A lot of negotiations remain, however, necessary to ensure that EU farmers get access to the very important Swiss market. Despite remarkable efforts, the Swiss market stays one of the most protected in the world, which prevents European producers from competing in fair conditions on that market.

Recently, the European Commission DG Agriculture has launched negotiations with the Swiss Federal Department of Economic Affairs, aiming at full liberalisation of trade in agriculture between the EU and Switzerland. These talks will include tackling non-tariff barriers (NTBs) such as food and feed safety or veterinary and phytosanitary standards, the European Commission being represented by DG Health and Consumer protection.

So far, the prospect of a FTA seems very positive for EU producers. Current price levels are around 30% higher in Switzerland than in the EU. Therefore a FTA would enable the EU to increase its market share there. Already, the EU is already an important cereals supplier for Switzerland. Bigger gains would occur in dairy products, fruits and vegetables, and wines and spirits. As for trade in meat, the EU producers face strong competition from other countries, particularly Brazil.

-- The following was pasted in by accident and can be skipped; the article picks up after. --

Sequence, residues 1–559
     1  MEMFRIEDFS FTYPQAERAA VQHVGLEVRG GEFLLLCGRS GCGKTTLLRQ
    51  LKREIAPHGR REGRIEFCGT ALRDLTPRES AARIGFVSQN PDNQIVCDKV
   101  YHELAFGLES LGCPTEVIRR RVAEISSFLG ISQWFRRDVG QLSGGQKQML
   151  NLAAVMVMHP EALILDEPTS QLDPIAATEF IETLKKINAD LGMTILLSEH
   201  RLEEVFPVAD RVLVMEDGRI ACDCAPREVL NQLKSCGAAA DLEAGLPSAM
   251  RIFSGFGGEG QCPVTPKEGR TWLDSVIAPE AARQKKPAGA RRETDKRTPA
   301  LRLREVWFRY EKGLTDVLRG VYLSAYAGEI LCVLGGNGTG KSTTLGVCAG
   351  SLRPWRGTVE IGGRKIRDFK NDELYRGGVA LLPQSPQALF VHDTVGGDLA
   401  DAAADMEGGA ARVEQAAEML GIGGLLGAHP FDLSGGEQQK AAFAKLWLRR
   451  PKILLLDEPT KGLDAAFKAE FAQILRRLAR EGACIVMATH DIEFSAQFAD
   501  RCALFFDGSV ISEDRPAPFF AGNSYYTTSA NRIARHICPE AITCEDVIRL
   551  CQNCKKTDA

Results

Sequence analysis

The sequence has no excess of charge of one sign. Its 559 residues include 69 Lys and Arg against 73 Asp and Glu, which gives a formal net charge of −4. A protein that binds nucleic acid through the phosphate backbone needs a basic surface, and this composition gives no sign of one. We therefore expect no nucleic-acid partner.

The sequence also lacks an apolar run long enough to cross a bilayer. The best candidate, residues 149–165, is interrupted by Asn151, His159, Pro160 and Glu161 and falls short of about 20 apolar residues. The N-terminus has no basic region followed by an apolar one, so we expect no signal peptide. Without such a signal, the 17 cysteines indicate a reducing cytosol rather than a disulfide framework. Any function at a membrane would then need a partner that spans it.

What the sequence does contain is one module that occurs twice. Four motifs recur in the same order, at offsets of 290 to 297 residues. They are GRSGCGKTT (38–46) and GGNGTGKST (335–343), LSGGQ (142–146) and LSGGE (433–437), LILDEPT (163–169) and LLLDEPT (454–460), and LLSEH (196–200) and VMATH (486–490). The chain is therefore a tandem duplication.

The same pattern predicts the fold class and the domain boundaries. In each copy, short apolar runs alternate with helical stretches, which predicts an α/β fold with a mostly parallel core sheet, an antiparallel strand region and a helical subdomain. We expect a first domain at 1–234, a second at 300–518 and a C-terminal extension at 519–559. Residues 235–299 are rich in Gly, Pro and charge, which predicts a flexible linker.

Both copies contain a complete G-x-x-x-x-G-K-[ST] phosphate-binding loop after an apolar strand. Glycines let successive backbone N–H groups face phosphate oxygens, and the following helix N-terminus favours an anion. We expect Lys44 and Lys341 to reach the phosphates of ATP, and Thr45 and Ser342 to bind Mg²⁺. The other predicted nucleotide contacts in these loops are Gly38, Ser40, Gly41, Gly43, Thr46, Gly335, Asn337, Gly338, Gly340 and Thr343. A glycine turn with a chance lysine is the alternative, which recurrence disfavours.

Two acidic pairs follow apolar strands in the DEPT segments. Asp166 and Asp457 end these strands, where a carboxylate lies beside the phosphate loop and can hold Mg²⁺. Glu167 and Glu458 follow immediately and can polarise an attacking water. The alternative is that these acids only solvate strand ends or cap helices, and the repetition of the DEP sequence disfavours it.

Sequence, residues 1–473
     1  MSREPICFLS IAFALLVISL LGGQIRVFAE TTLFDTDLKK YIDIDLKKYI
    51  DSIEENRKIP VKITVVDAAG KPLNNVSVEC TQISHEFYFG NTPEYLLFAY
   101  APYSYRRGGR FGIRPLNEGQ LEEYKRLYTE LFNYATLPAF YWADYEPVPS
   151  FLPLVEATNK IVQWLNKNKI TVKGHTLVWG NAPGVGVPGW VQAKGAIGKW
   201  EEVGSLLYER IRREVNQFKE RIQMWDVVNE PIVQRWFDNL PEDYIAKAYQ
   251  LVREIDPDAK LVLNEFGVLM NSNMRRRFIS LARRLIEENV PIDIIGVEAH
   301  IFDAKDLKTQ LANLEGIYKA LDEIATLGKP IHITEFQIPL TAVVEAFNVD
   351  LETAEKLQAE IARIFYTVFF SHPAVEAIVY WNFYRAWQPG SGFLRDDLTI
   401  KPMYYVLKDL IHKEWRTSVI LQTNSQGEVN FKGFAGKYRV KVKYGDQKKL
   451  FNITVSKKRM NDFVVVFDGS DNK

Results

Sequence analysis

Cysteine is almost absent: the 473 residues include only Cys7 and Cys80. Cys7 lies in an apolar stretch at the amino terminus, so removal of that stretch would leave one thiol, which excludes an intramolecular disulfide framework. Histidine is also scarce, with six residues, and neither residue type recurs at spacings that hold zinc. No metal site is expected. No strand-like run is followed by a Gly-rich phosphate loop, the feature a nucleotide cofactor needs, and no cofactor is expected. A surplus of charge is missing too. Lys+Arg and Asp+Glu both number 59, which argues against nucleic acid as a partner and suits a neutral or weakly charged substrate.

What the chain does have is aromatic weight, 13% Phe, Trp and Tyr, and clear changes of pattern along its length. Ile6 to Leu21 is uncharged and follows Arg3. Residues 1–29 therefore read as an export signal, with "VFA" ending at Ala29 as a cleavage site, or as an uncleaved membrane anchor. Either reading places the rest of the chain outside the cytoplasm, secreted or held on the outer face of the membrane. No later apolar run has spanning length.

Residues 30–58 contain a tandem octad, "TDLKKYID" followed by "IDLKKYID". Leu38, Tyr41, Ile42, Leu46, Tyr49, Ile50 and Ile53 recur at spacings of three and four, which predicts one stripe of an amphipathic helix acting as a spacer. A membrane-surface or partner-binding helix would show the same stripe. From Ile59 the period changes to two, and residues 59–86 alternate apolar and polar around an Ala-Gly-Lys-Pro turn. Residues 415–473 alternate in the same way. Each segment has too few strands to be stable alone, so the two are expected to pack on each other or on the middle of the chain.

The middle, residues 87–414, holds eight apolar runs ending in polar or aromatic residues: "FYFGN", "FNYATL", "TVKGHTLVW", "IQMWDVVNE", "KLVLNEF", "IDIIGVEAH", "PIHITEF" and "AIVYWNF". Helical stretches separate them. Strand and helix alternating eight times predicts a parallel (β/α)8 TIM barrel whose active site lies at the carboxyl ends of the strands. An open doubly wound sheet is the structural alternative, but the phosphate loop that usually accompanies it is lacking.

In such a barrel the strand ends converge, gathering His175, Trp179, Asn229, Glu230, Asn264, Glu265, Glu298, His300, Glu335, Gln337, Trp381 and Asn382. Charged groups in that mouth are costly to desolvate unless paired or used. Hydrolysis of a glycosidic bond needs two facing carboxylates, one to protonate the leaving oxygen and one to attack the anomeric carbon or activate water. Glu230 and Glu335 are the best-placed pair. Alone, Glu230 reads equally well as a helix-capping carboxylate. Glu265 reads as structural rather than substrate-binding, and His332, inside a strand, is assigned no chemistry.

On NTBs, adaptation by the Swiss side to European regulations, in particular animal health and marketing rules, seems necessary. Reaching also a commitment from their part to try to adopt future EU regulations, possibly after having been consulted in the process, would be a very good achievement for these talks.

The rapporteur sees rather positively these attempts at further integrating both markets. An agreement would contribute to improve the productivity of both partners' agricultural sector and to bring food prices to a fair and relatively stable level of prices for citizen.

However, both parties should negotiate with caution towards a fully-liberalised trade exchanges. The volume of bilateral trade is very significant and the impact of such barrier removal could be very high, especially on the agricultural economy of EU countries neighbouring Switzerland and on Swiss farmers.